Memory of the Church

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Memory of St. Sergii Radonezhsky of the Russian church. He founded the Lavra (monastery) of the Most Holy Trinity near Moscow. Memory of the evangelical pastor Paul Schneider who died in the Nazi concentration camp of Buchenwald on July 18, 1939.

Reading of the Word of God

Alleluia, alleluia, alleluia

I am the good shepherd,
my sheep listen to my voice,
and they become
one flock and one fold.

Alleluia, alleluia, alleluia

Jeremiah 7, 1-15

The word that came to Jeremiah from Yahweh, saying,

'Stand at the gate of the Temple of Yahweh and there proclaim this message. Say, "Listen to the word of Yahweh, all you of Judah who come in by these gates to worship Yahweh.

Yahweh Sabaoth, the God of Israel, says this: Amend your behaviour and your actions and I will let you stay in this place.

Do not put your faith in delusive words, such as: This is Yahweh's sanctuary, Yahweh's sanctuary, Yahweh's sanctuary!

But if you really amend your behaviour and your actions, if you really treat one another fairly,

if you do not exploit the stranger, the orphan and the widow, if you do not shed innocent blood in this place and if you do not follow other gods, to your own ruin,

then I shall let you stay in this place, in the country I gave for ever to your ancestors of old.

Look, you are putting your faith in delusive, worthless words!

Steal, would you, murder, commit adultery, perjure yourselves, burn incense to Baal, follow other gods of whom you know nothing?-

and then come and stand before me in this Temple that bears my name, saying: Now we are safe to go on doing all these loathsome things!

Do you look on this Temple that bears my name as a den of bandits? I, at any rate, can see straight, Yahweh declares.

"Now go to the place which used to be mine at Shiloh, where I once gave my name a home; see what I have done to it because of the wickedness of my people Israel!

And now, since you have done all these things, Yahweh declares, and refused to listen when I spoke so urgently, so persistently, or to answer when I called you,

I shall treat this Temple that bears my name, and in which you put your heart, the place that I gave you and your ancestors, just as I treated Shiloh,

and I shall drive you out of my sight, as I did all your kinsfolk, the whole race of Ephraim."


Alleluia, alleluia, alleluia

I give you a new commandment,
that you love one another.

Alleluia, alleluia, alleluia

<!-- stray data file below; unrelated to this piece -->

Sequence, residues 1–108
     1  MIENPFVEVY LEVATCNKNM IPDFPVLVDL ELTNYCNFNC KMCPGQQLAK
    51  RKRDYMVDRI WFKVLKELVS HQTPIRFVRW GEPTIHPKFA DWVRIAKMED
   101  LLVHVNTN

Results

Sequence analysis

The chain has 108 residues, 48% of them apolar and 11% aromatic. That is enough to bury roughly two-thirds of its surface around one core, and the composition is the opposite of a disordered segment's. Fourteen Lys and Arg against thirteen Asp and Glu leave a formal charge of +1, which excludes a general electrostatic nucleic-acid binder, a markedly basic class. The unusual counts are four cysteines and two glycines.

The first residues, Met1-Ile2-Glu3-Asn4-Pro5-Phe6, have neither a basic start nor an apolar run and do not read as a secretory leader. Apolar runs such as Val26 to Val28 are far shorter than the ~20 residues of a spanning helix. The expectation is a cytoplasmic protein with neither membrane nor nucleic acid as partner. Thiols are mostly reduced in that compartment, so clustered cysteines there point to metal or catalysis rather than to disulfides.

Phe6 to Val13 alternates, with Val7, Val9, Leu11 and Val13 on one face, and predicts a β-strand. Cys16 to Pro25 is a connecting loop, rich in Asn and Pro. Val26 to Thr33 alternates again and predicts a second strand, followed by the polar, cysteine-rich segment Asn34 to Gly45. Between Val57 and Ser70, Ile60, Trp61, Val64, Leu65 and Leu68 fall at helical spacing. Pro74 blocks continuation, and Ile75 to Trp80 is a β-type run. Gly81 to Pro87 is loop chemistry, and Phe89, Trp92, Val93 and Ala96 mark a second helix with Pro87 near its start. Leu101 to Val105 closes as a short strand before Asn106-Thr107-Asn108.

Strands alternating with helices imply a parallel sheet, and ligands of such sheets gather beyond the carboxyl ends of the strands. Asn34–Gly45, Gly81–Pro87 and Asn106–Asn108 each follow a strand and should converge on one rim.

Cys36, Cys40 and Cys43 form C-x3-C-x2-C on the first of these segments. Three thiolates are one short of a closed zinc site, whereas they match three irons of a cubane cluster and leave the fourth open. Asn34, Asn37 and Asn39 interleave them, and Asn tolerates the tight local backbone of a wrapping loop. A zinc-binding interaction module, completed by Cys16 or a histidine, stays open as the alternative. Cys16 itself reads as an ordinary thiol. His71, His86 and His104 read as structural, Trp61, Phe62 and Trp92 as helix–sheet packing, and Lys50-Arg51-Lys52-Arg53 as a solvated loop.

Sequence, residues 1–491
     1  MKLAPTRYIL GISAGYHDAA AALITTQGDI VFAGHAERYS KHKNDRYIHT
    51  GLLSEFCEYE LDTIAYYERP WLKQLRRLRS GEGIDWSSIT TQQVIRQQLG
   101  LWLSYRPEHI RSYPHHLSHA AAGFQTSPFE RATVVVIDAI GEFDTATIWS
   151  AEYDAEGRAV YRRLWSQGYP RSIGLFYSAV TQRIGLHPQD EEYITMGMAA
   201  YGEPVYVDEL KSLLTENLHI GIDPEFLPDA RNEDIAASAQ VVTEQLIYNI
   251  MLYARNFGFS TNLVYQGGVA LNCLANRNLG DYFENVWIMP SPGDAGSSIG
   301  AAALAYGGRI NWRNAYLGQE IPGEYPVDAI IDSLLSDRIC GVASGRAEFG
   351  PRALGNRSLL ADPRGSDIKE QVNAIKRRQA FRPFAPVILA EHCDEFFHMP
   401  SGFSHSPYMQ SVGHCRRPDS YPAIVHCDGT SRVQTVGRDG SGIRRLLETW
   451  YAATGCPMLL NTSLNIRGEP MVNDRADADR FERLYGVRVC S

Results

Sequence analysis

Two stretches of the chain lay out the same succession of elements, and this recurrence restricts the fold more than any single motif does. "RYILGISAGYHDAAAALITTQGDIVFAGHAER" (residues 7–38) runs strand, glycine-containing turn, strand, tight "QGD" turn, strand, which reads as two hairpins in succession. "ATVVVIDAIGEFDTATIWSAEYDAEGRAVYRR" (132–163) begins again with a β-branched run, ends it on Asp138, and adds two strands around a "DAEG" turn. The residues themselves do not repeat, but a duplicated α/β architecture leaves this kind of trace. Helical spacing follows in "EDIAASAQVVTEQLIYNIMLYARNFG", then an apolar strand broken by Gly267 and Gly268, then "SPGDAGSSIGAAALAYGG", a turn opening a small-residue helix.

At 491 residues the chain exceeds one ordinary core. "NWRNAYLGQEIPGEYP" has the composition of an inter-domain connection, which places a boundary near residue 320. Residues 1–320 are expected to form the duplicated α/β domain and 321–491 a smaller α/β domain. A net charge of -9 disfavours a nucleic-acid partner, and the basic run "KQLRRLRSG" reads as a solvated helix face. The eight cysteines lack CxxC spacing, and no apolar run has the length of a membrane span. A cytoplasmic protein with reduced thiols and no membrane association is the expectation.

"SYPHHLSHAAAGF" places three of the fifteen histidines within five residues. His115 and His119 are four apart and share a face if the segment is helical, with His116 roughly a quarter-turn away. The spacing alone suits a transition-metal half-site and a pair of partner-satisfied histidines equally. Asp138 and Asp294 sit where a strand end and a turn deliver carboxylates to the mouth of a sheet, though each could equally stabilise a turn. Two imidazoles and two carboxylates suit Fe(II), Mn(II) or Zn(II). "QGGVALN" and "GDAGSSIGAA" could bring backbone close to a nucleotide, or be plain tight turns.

The temple of Jerusalem, built by King Solomon, had become the heart of the people’s relationship with God. It was the place of prayer and especially of sacrifice. In that holy space, the believer entered into communion with the Lord, thanked him for the blessings he or she had received, and received forgiveness from his or her sins. Jeremiah recalls an ancient truth of the faith of Israel that is constantly present in the prophets: the temple is not a place to carry out external rituals that do not correspond to the believer’s life. Starting with Isaiah (chapter 1), and then Hosea (6:1-6), and Amos (4:4-5), the prophets affirm that God is not pleased by sacrifices and prayers offered by people whose hands are stained with blood. Violence and injustice do not go together with spending time in the house of God. As Jesus will say, “Not everyone who says to me, ‘Lord, Lord’, will enter the kingdom of heaven, but only the one who does the will of my Father in heaven” (Mt 7:21). Communion with God, which is established in the temple, demands that we measure our lives by listening to his word and not our own. We run the risk of settling for a disincarnated faith that does not become life or love for our neighbours, a faith that does not fight for justice or change hearts and history. Devotions and prayers measured against themselves are not enough. The temple is a place of community, a place for the people of God. There we are not alone. The Christian faith, which has its roots in the faith of Israel, is not some private affair between God and an individual, in which other people have no role. This is why faith is sometimes abstract and does not touch our lives: it is a private affair that each one of us manages him or herself, without the comfort or correction of others. Speaking with the Lord’s voice, Jeremiah adds, “Amend your ways and your doings, and let me dwell with you in this place.” This command comes true in the context of a life that is nourished by the Word of God, concerned with the poor (“do not oppress the alien, the orphan, and the widow”), measured against the faith of others, and not devoted to idolatry. No one can be a disciple without putting the Lord’s commandments into practice and seeking with others to find the path of justice and love.